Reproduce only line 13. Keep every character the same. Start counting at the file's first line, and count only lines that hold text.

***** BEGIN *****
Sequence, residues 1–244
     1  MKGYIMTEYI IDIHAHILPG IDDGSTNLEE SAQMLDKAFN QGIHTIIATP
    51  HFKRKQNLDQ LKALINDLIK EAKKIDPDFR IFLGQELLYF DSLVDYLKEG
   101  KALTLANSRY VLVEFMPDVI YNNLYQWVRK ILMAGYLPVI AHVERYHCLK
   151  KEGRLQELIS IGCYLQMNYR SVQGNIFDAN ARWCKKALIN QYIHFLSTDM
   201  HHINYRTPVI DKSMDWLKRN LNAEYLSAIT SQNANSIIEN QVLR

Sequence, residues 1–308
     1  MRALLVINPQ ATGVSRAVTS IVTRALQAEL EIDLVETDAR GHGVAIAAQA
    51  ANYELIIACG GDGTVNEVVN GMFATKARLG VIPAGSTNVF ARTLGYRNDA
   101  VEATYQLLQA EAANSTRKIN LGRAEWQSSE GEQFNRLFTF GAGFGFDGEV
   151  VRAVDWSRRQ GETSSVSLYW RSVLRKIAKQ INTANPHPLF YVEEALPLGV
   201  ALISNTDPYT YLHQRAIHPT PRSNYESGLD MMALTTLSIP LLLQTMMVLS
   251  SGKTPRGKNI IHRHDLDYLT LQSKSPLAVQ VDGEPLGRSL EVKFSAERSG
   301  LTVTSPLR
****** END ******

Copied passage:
   251  SGKTPRGKNI IHRHDLDYLT LQSKSPLAVQ VDGEPLGRSL EVKFSAERSG